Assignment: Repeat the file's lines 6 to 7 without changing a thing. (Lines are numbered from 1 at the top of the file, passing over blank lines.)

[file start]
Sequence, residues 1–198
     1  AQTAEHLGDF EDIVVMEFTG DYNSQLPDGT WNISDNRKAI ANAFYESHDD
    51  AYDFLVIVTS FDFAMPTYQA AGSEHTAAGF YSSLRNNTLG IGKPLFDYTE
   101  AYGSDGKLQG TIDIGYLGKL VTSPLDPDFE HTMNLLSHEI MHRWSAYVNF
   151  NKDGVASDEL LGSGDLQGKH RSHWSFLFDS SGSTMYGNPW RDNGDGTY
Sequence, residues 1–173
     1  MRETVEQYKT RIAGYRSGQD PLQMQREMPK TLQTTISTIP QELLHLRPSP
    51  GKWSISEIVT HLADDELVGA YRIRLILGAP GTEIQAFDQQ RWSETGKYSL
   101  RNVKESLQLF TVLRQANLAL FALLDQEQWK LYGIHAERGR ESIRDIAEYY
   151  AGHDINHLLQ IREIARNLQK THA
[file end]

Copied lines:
Sequence, residues 1–173
     1  MRETVEQYKT RIAGYRSGQD PLQMQREMPK TLQTTISTIP QELLHLRPSP